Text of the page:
Family carves its own tradition |

Family carves its own tradition

As 14-year-old Adam Matzinger tightens the last of the bolts on his Eagle Scout Project, he’s doing more than just advancing in the ranks of the scout world – he’s carrying on a family tradition.

For his Eagle Scout rank, Adam built a picnic table from raw lumber and donated the finished project Thursday to the U.S. Forest Service for public use.

Two years ago, his older brother, Dan, built a table at Sawmill Pond for his Eagle Scout Project. And their younger brother, Alex, said he would like to build a table for his Eagle Project two years from now.

“It’s just a good idea,” Adam said. “It’s something that people can use.”

Scouts can choose any type of project that will benefit the public. Once the project is selected, the scout organizes the details and supervises the other scouts in the troop in carrying out the project.

“The Eagle Project is designed to showcase the scout’s ability to be a leader,” said Scout Master Marshall Matzinger, the boys’ father.

In the past, some scouts have executed cleanup projects at vacant lots and donated time to restoration projects at the Vikingsholm estate at the foot of Emerald Bay.

Dan, 17, said he selected the picnic table project two years ago when he saw a need for it.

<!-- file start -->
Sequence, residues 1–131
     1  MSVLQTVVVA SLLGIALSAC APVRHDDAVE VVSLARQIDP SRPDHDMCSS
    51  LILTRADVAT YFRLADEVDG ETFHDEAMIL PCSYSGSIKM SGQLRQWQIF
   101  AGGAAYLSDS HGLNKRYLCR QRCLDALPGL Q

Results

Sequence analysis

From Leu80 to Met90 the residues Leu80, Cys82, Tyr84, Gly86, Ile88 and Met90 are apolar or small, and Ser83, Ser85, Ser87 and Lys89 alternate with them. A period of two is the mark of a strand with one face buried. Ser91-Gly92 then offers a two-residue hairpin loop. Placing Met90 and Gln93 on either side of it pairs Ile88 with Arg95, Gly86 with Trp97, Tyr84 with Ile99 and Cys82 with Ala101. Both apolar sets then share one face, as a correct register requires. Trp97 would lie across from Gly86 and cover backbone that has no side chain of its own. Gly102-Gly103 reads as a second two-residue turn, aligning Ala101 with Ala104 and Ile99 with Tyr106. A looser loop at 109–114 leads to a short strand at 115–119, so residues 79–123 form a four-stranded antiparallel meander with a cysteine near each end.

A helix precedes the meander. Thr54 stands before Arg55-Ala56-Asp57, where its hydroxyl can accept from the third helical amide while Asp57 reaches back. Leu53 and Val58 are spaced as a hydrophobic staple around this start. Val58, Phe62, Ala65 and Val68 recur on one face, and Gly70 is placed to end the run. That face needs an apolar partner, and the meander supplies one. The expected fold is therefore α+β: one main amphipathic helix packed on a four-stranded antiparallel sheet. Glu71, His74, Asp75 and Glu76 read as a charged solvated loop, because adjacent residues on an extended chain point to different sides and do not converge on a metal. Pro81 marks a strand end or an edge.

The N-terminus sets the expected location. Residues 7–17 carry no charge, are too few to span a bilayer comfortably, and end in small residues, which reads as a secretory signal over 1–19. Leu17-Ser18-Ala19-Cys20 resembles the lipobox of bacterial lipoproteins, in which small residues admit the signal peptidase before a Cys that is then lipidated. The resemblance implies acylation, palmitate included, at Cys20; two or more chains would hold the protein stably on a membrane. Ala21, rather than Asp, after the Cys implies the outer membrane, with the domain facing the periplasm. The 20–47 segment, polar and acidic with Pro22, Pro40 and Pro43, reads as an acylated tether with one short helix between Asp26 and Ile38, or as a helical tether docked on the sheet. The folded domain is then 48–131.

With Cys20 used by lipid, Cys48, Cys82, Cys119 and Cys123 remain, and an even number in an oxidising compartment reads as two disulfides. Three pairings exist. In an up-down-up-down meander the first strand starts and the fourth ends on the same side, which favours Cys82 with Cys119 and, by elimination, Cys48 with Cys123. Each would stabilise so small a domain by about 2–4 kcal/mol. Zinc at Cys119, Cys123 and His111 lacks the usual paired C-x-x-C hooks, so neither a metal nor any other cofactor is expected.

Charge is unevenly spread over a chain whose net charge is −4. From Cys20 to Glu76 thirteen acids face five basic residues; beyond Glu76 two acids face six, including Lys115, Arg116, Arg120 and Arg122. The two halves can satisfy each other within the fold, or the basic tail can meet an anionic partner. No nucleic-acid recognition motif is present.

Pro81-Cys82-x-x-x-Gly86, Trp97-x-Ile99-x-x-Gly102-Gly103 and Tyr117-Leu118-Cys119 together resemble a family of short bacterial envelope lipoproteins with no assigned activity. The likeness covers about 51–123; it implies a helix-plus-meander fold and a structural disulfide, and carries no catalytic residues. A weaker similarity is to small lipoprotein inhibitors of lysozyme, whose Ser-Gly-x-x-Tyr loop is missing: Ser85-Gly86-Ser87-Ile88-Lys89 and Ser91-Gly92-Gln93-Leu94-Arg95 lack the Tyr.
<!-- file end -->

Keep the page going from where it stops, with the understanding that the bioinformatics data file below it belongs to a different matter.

“We would drive by Sawmill Pond and see a bunch of people crammed on two picnic benches trying to eat their lunch, so I thought it would be good to give them some more space,” he said. “And it’s nice to see people using it when I drive by there.”

Adam said he liked the looks of Dan’s project so he thought he would give it a whirl.

He used his expertise to guide the scouts of Troop 594 through the process of building the table. And with skill saw, hand saws, rasps and chisels in hand, the boys had the table ready for use at Baldwin Beach after just a few hours of work.

“It was pretty hard,” said Adam. “On some of the parts, we didn’t figure in the bolts and it was hard to line up the holes.”

Glistening under the coat of freshly applied stain, the table did what it was supposed to do – gave the boys a sense of accomplishment. And, provide some entertainment.

“The best part is using the ratchet on the bolts,” said 12-year-old Alex, who is just two years from being an Eagle Scout. “I think it would be fun to build a table for my Eagle Project.”

And the tradition continues.

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